New York Mag’s Stunning Sandy Cover Was Shot From A Moving Helicopter

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New York Magazine's Hurricane Sandy cover, "The City and the Storm."

A number of people have been asking us about this week’s stunning New York Magazine cover showing an aerial view of Manhattan after Hurricane Sandy’s blackout. Did the photographer use a helicopter? Wasn’t the airspace closed?

Well, before we got a chance to ask photographer Iwan Baan ourselves, Poynter got the scoop: He did in fact rent a helicopter.

We can tell you that New York airspace was indeed open throughout Sandy and its aftermath despite the airports being closed. In fact, without any arriving or departing airliners in the neighborhood, air traffic controllers allowed the chopper to hover at a higher altitude than would ever have been allowed if any of the nearby airports were open. That altitude provided the perfect angle for the cover shot.

It also helped that Baan had the latest and greatest Canon camera setup on the market: A Canon 1D X body behind a new Canon 24-70mm f/2.8L Mark II lens. He opened the aperture all the way and set the ISO to 25,000 with a 1/40 shutter speed. “[It was] the kind of shot which was impossible to take before this camera was there,” Baan told Poynter. We’ve all tried it from planes with lesser cameras, and sometimes you might get one keeper that isn’t a complete streaky, grainy mess, but even those are hardly worthy of a magazine cover.

Personally seeing lower Manhattan almost completely dark was jarring enough from ground level. I can’t imagine how surreal it must have been to see it while hanging out the side of a bouncing helicopter a couple thousand feet above the harbor.

Of course we’d also love to know where he rented the helicopter to give the pilot and some love too. We’ve sent Baan an email, so hopefully we’ll find out soon.

Full New York Magazine Hurricane Sandy Cover, "The City and the Storm." (Photo by Iwan Baan/New York Magazine)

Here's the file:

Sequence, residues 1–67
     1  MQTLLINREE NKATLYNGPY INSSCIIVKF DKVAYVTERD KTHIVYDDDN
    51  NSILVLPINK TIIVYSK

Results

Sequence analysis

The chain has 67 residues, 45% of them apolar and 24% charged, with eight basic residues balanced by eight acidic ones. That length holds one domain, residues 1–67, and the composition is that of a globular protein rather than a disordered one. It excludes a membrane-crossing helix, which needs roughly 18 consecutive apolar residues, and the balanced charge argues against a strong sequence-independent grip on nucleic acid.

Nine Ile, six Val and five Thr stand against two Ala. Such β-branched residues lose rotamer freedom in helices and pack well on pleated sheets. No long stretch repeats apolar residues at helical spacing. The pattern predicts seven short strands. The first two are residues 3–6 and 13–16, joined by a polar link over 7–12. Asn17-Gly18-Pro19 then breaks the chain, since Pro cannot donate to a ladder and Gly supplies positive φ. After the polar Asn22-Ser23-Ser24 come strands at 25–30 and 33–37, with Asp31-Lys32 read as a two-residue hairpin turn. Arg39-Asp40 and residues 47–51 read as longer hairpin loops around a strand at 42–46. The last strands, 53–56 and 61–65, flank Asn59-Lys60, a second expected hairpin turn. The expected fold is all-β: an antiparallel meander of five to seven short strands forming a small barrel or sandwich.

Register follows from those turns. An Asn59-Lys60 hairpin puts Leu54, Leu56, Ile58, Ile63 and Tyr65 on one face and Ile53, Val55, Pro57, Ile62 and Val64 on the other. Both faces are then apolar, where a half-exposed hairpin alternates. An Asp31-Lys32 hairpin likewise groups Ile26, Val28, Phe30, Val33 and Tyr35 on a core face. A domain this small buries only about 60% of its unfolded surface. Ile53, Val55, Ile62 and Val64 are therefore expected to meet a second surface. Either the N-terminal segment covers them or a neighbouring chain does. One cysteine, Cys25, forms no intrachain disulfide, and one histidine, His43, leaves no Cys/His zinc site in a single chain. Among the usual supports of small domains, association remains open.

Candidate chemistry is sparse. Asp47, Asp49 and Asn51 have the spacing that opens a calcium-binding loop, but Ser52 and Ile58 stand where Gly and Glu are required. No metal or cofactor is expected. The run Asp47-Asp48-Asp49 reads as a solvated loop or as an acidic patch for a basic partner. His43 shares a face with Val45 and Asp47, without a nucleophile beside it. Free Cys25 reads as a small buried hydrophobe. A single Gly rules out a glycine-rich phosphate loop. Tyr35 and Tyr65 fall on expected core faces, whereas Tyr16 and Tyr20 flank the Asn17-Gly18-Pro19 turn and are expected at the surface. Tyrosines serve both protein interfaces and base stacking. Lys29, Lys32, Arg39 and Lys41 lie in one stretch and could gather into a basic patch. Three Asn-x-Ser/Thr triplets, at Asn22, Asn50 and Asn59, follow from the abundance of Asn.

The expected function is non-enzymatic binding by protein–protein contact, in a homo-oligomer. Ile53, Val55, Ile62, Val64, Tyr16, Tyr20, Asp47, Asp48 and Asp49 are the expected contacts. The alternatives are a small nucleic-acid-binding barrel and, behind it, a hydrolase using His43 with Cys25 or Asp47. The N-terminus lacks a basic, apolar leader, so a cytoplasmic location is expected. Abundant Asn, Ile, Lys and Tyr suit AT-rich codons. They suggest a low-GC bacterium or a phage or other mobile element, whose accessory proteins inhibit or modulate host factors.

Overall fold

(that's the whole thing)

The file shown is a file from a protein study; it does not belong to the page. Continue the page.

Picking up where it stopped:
Full New York Magazine Hurricane Sandy Cover, “The City and the Storm.” (Photo by Iwan Baan/New York Magazine)

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  • Mike

    He indicates it came out from Long Island, so that rules out the usuals like Liberty, Panorama Flight, NY Helicopter etc.

    My first guess is Al Cerullo, N355AG, who is a SAG/Film pilot. He flies a TwinStar, and I believe keeps it at Farmingdale/FRG.

  • For a non New Yorker, what is that “island” of light at the lower left of Manhattan. How did it escape the blackout.

    • Good question, Brian. The tall building with the blue lights is the still-under-construction 1 World Trade Center which had generator power, though it did go dark for a time during the storm. To the left of that is Goldman Sachs HQ, which also has its own generators and never went dark. Then there’s the large cluster of buildings right on the water, which is a residential complex called Battery Park City. They lost power Monday night but somehow got it back on Tuesday, though it’s still not clear how.

      • Thanks, Matt. I was surprised to see that spot of light because I thought almost all of downtown was dark.